Step 3: See if Patients Can Do the Treatment(s) They Prefer

My Life, My Dialysis Choice can help patients and clinicians communicate for shared decision-making. It cannot assess whether patient choices will suit their anatomy, mental health, or living situation. For example, about 87% of people may be physically suited for PD;17 the rest are not.

What You Can Do: Use our free Method to Assess Treatment Choices for Home Dialysis (MATCH-D) for PD and home HD.

The MATCH-D levels the playing field to help remove implicit and explicit bias and ensure that all patients are treated fairly. It will help you determine who may be excellent candidates for PD or home HD, who may have challenges that can be overcome, and who would need help to dialyze at home.

Step 4: Refer the Patient for Options Education

Once people have their goal in place—a desire to keep what matters most in their lives—they will be more hopeful and open to education. Now, you can ask them to attend a class or a one-on-one education session to learn more of the details of the option(s) they are willing to consider.

What You Can Do: Send Patients to a Local Class—Or Offer Your Own

Live classes are terrific, especially when members of the care team, including the home training nurse if your clinic has one, and patients using different options can be included. In these COVID days, classes may have to be held online, which can still work well for those with a smartphone or computer access.

No class in your area? Use our free How to Have a Good Future with Kidney Disease slide toolkit or videos. After education, talk to them, see what their choice is, and help them get started.


The steps to help patients understand their treatment options are:

  1. Address—and normalize—the storm of emotions.

  2. Offer patients hope for a good life.

  3. See if patients can do the treatments they are interested in.

  4. Refer patients for options education.

Selected Resources & Tools


    1. Blagg CR. A brief history of home hemodialysis. Adv Ren Replace Ther. 1996 Apr;3(2):99-105↩︎

    2. Qamar M, Bender F, Rault R, Piraino B. The United States' perspectives on home dialysis. Adv Chronic Kidney Dis. 2009 May;16(3):189-97↩︎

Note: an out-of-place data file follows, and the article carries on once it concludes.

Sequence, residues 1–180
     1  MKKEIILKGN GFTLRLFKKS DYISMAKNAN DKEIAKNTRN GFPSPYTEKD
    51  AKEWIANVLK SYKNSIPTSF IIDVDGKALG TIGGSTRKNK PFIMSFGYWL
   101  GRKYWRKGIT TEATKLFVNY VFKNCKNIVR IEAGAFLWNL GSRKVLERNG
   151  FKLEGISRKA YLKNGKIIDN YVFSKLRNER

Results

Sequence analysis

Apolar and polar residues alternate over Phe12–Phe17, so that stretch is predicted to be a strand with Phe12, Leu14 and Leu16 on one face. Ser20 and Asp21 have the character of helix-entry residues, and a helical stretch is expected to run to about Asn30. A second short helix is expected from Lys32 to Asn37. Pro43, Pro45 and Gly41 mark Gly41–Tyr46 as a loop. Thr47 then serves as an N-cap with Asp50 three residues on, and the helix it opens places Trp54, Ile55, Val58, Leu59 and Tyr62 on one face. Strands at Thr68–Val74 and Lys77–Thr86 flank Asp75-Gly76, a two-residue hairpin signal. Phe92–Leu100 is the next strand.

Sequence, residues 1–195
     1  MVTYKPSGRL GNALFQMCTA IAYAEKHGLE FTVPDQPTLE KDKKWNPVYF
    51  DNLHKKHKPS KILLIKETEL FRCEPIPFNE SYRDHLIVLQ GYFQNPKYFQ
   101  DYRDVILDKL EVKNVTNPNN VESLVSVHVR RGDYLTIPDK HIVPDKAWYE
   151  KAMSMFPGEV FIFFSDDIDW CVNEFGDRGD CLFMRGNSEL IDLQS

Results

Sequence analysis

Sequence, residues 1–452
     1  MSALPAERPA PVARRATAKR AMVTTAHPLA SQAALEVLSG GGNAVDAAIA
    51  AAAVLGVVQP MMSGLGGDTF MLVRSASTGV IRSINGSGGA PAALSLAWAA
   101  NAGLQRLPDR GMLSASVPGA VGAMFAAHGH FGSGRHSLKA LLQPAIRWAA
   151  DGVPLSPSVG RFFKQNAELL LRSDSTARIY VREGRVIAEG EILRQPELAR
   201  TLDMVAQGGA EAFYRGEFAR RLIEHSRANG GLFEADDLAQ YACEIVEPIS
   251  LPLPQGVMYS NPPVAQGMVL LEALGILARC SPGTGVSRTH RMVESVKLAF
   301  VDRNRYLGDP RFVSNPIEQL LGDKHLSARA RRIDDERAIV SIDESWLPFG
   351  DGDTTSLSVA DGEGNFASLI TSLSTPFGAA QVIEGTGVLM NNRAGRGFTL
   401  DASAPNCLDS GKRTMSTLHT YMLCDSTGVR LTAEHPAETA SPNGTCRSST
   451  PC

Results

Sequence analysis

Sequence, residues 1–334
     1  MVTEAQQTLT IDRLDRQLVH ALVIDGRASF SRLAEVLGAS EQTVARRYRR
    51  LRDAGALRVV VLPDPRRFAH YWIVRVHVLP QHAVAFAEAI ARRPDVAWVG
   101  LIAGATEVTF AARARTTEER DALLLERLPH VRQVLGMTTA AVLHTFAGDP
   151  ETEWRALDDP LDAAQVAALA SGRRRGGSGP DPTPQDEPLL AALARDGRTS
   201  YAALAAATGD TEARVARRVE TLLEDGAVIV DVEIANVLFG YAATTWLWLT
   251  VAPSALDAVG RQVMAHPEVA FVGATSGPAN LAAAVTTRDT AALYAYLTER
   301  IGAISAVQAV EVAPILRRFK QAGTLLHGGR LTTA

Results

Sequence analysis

3. Merighi JR, Schatell DR, Bragg-Gresham JL, Witten B, Mehrotra R. Insights into nephrologist training, clinical practice, and dialysis choice. Hemodial Int. 2012 Apr;16(2):242-51↩︎

    4. Medicare Program; Specialty Care Models To Improve Quality of Care and Reduce Expenditures. Centers for Medicare & Medicaid Services. 85 Fed. Reg. 61353 (September 29, 2020), 42 CFR 512.↩︎

    5. Lindstrom BR, Bohlin G. Threat-relevance impairs executive functions: negative impact on working memory and response inhibition. Emotion. 2012;12(2):384-393↩︎

    6. Schroeder SA. Shattuck lecture. We can do better—improving the health of the American people. N Engl J Med. 2007 Sep 20;357(12):1221-1228↩︎

    7. Hammer K, Mogensen O, Hall EOC. The meaning of hope in nursing research: a meta-synthesis. Scand J Caring Sci. 2009;23;549-557↩︎

    8. Glover LM, Butler C, Cain-Shields L, Forde AT, Purnell TS, Young B, Sims M. Optimism is associated with chronic kidney disease and rapid kidney function decline among African Americans in the Jackson Heart Study. J Psychosom Res. 2020 Dec;139:110267↩︎

    9. Rahimipour M, Shahgholian N, Yazdani M. Effect of hope therapy on depression, anxiety, and stress among the patients undergoing hemodialysis. Iran J Nurs Midwif Res. 2015 Nov-Dec;20(6):694-699↩︎

    10. Billington E, Simpson J, Unwin J, Bray D, Giles D. Does hope predict adjustment to end-stage renal failure and consequent dialysis? Br J Health Psychol. 2008 Nov;13(Pt 4):683-99↩︎

    11. Lowry EG, Curtin RB, LePain N, Schatell D. Medical Outcomes Study Short Form-36: a consistent and powerful predictor of morbidity and mortality in dialysis patients. Am J Kidney Dis. 2003 Jun;41(6):1286-1292↩︎

    12. Alshraifeen A, Al-Rawashdeh S, Herth K, Alnuaimi K, Alzoubi F, Khraim F, Ashour A. The association between hope and quality of life in haemodialysis patients. Br J Nurs. 2020 Nov 26;29(21):1260-1265↩︎

    13. Al-Rawashdeh S, Alshraifeen A, Rababa M, Ashour A. Hope predicted quality of life in dyads of community-dwelling patients receiving hemodialysis and their family caregivers. Qual Life Res. 2020 Jan;29(1):81-89↩︎

    14. Sajadi SA, Farsi Z, Akbari R, Sadeghi A, Pasha AA. Investigating the relationship between quality of life and hope in family caregivers of hemodialysis patients and related factors. BMC Nephrol. 2021 22:383↩︎

    15. Kurita N, Wakita T, Ishibashi Y, Fujimoto S, Yazawa M, Suzuki T, Koitabashi K, Yanagi M, Kawarazaki H, Green J, Fukuhara S, Shibagaki Y. Association between health-related hope and adherence to prescribed treatment in CKD patients: multicenter cross-sectional study. BMC Nephrol. 2020 21:453↩︎

    16. Ghahfarokhi MM, Mommadian S, Nezhad BM, Kiarsi M. Relationship between spiritual health and hope by dietary adherence in haemodialysis patients in 2018. Nurs Open. 2019 Dec 11;7(2):503-511↩︎

    17. Mendelssohn DC, Mujais SK, Soroka SD et al. A prospective evaluation of renal replacement therapy modality eligibility. Nephrol Dial Transplant. 2009 24:555-61↩︎